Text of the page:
A walk (or cycle) to Burland Broch
by Laurie Goodlad -
As we continue to get out and about to Rediscover Shetland, Laurie Goodlad pays a visit to Burland Broch in Sandwick.
Distance: 3.5 miles (4.8 km)
Sometimes a quick after-dinner hike is just what’s needed to blow away the cobwebs after a dull and rainy day. Some of my favourite summer nights are the unexpected ones. The ones where, after a day of prolonged rain, the clouds part and the sun comes out to kiss the landscape goodnight – reminding us that she’s still here.
This happened recently, and we took full of advantage of the emerging sun, piled the bikes into the van, filled a thermos and headed to Shetland’s South Mainland for an evening dose of vitamin sea.
Parking at Sandsayre Pier where passengers wait for the Mousa Ferry, we followed the main road past Sandlodge towards Sandwick. Just behind Sandlodge, a rough track veers up the hill. Halfway up the track, there’s a modern house on the right, which the track runs behind.
Sandlodge was built as the laird’s house (landlord) in the early 1600s by the Sinclairs of Quendale. It was later bought by the Bruce family who held the Sumburgh Estate – comprising a large proportion of the South Mainland – Sandlodge was added to their property and land portfolio in the 1750s. The house has had several extensions over the years and was also the site of an attempt at copper mining.
Once you reach the dirt track, it’s an easy cycle (or walk) to the end of the road. The trail runs south following the coast towards the headland where the broch sits. The route takes you almost to the broch, but the last ¼ mile or so is done on foot, avoiding cultivated fields. We walked east from the end of the path and followed the coast towards the broch, avoiding the barley crops that were shimmering in the low evening sun.
Please note that the fields approaching the broch are active farmland and more-often-than-not are used for grazing cattle. Caution should be taken, gates left as they’re found, and dogs are not allowed on the land.
Before reaching the broch, you’ll pass a cluster of ruined buildings, comprising a crofting settlement where, in 1851, 43 people lived. The crops of barley that are still grown here today are a testament to the quality of the soil. But, the onward stomp of modernity – and the effects of clearances – unfortunately, carried Burland with it and in 1893 only one woman remained in the once-thriving community. Kitty Smith was the last person to live here.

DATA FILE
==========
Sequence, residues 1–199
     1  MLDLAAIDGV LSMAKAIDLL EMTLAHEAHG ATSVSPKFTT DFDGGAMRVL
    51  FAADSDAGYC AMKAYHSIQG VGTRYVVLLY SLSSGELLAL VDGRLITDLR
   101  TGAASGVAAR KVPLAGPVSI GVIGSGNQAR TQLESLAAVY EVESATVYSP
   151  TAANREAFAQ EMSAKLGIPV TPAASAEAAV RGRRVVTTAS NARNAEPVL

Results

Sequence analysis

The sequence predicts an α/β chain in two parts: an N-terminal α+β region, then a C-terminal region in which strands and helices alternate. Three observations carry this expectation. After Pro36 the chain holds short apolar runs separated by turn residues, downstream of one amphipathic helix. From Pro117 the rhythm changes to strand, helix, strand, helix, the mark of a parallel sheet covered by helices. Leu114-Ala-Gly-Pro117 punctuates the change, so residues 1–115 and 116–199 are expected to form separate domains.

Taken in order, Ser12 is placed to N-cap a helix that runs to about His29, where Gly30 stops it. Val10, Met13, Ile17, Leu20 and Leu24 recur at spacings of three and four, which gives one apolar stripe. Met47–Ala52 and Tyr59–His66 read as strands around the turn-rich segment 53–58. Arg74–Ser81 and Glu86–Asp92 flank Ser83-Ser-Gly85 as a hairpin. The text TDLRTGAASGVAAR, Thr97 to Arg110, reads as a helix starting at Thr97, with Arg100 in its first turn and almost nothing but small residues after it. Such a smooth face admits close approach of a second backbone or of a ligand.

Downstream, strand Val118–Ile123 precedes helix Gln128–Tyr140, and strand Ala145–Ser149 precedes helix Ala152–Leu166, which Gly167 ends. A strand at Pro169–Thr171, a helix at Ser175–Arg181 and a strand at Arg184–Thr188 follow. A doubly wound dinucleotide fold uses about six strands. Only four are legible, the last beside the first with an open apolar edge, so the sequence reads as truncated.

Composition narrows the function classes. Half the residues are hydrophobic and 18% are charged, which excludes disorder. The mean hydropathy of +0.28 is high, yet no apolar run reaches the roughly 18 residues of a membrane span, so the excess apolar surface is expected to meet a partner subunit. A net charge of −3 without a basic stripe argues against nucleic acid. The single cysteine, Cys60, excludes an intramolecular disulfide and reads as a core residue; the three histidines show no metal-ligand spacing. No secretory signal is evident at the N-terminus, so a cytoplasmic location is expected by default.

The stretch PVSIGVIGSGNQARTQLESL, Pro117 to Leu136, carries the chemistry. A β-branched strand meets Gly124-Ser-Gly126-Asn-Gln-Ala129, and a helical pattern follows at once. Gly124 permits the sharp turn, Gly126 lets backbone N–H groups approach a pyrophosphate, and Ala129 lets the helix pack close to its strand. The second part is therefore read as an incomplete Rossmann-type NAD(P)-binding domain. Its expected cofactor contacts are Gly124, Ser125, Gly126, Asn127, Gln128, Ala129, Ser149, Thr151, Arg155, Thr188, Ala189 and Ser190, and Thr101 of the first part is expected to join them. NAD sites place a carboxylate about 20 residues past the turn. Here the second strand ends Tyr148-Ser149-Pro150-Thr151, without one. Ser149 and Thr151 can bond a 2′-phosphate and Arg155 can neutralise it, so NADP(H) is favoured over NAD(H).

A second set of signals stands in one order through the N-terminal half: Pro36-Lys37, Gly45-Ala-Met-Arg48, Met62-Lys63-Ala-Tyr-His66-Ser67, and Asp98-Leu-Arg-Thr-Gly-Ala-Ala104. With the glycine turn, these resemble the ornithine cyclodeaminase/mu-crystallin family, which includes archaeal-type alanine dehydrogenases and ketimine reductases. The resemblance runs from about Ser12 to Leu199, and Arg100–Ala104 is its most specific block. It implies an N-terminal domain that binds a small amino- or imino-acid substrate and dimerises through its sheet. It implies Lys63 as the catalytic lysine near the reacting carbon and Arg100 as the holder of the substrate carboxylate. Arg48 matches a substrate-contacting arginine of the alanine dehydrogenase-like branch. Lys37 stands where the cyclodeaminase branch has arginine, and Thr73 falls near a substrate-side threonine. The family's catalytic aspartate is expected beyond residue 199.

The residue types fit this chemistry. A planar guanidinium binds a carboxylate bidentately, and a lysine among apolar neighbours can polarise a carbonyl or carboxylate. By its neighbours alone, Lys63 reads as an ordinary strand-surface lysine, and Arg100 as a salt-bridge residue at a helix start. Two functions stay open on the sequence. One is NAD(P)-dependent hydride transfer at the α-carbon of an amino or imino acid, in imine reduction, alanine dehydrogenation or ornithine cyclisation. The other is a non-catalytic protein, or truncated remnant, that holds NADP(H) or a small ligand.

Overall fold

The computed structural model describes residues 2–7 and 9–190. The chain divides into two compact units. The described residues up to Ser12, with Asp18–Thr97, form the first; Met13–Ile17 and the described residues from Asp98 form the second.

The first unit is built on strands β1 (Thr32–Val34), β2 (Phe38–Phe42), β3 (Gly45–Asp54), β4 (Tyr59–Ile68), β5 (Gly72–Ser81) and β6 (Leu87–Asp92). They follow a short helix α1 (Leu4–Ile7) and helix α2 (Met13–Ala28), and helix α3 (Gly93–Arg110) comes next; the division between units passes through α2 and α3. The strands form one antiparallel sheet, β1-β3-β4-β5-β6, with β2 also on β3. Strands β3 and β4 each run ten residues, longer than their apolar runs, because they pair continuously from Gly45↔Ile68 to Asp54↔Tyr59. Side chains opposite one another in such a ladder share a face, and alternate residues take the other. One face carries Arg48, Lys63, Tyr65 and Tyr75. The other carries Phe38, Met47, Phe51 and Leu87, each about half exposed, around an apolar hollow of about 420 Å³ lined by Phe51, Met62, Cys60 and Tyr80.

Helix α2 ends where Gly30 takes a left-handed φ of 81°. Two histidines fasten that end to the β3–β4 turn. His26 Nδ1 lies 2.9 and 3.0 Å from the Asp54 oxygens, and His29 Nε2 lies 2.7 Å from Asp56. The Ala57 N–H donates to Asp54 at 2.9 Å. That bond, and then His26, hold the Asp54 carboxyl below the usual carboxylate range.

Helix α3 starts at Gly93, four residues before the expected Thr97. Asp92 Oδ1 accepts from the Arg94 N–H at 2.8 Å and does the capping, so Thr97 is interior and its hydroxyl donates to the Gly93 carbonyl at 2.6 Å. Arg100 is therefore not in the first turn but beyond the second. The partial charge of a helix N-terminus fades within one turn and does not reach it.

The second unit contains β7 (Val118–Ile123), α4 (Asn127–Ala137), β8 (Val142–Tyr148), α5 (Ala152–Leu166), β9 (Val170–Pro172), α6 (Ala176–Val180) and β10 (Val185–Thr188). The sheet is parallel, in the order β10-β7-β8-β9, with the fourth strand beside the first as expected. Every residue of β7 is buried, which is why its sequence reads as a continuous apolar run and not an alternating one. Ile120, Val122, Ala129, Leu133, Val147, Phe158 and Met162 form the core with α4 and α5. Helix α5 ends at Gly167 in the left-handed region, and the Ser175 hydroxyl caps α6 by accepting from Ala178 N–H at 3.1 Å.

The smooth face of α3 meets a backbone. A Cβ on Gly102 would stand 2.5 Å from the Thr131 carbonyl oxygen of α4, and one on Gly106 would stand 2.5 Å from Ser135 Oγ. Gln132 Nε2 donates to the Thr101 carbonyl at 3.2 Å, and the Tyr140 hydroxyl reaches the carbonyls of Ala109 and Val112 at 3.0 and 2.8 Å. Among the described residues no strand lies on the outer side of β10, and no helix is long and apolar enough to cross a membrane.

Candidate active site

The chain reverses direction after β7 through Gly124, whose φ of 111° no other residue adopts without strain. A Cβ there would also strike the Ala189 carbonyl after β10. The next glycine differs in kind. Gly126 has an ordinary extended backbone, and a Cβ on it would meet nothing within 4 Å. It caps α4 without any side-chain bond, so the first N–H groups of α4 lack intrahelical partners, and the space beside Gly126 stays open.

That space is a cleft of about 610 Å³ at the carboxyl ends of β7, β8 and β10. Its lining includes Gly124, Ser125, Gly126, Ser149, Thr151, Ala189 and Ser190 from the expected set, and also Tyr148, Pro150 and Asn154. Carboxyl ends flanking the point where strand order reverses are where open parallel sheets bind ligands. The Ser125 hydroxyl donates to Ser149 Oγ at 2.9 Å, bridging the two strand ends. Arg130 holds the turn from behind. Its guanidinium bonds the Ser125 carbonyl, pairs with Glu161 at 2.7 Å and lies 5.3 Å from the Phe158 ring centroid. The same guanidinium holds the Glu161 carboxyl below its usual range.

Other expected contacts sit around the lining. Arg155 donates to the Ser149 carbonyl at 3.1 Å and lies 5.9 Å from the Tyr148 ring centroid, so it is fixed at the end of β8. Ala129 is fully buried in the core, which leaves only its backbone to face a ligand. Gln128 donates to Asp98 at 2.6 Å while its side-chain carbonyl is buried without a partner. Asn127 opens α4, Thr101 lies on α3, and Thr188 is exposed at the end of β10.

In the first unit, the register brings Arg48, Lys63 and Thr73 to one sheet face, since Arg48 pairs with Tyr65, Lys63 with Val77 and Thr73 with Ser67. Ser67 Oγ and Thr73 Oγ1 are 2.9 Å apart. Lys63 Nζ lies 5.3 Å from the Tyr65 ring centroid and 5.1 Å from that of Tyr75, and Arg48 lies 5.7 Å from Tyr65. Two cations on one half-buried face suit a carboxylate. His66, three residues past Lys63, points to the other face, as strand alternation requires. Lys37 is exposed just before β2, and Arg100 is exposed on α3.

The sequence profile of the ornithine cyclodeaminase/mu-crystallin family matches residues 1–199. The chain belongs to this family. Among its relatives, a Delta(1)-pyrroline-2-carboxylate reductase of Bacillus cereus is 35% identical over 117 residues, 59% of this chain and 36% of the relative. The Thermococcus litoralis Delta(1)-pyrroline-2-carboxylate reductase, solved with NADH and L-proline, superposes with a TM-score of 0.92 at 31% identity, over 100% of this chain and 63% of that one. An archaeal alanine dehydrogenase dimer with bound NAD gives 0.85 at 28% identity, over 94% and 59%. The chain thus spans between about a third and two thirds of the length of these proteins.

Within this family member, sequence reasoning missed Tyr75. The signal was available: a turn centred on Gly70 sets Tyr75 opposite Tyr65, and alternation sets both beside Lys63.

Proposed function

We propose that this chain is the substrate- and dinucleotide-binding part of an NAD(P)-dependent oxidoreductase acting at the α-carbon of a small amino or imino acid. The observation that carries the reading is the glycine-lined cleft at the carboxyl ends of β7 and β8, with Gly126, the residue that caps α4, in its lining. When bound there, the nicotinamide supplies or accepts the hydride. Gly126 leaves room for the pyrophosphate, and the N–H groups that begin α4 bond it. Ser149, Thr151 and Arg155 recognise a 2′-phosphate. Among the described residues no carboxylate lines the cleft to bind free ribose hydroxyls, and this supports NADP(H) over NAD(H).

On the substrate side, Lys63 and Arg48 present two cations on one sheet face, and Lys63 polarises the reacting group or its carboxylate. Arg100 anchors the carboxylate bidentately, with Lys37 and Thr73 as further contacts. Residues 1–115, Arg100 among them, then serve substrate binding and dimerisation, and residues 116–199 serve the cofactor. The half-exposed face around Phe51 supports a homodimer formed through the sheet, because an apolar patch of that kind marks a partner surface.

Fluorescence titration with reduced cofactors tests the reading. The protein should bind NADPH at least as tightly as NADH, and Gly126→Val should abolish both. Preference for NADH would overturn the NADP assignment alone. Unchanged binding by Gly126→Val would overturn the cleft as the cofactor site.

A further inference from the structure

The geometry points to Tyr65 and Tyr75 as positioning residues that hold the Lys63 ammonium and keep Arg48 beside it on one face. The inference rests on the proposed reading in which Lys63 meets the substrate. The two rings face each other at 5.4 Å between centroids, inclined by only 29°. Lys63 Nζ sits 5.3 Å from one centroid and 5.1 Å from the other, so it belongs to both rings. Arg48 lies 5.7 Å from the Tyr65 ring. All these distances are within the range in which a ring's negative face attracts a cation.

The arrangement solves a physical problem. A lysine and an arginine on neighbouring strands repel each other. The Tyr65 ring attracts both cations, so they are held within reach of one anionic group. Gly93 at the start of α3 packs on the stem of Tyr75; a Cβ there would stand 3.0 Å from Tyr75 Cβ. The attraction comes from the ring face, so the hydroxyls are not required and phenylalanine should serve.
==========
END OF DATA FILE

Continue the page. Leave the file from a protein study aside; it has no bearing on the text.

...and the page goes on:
Burland broch sits opposite Mousa Broch on the western side of the Mousa Sound channel which runs between the Mainland and the now uninhabited island of Mousa to the east. The broch itself is a shadow of its former self. At one time it is believed that it would have stood at the same height as the Mousa Broch, sharing the same footprint, the two brochs would have been an imposing sight to anyone approaching the channel from the south.
Over the years the broch has been stripped apart, although a partial collapse is thought to be partially responsible, the neighbouring houses of Burland are believed to have been built using stone from the broch. Why go to the trouble of quarrying stone when there’s a plentiful – and redundant – supply next door.
This is a typical story across the Northern Isles and West Coast of Scotland where brochs once stood proud. Subsequent settlement meant that older buildings were reused and repurposed into new ones using the available stone from these impressive round towers – and anything else that may have come before!
But what is a broch? A broch, in simple terms, is a round, stone structure which is constructed using two drystone walls – an inner and outer – with a staircase built between the two to reach the top. They date to about 2,000 years ago, the mid-Iron Age, and are unique to the north and west of Scotland. There are thought to have once been about 120 brochs in Shetland – most lie in ruin (and Mousa, across the sound, is the best example in the world).
Archaeologists still dispute what they were used for – whether they were defensive or offensive; or were they storehouses, or high status’ manor houses’ for local chieftains? We don’t know. All that we can be sure of is that they are shrouded in mystery, and carry so much intrigue about past societies and how people lived and worked here in Shetland.
Whatever the use of the brochs, these are impressive structures that raise more questions than they answer. The walk itself is an enjoyable way to spend an evening. At the broch we sat and enjoyed a cup of tea, watching two small inshore fishing boats jigging for mackerel as the terns and oystercatchers chirped overhead, warning us that we were in their territory.
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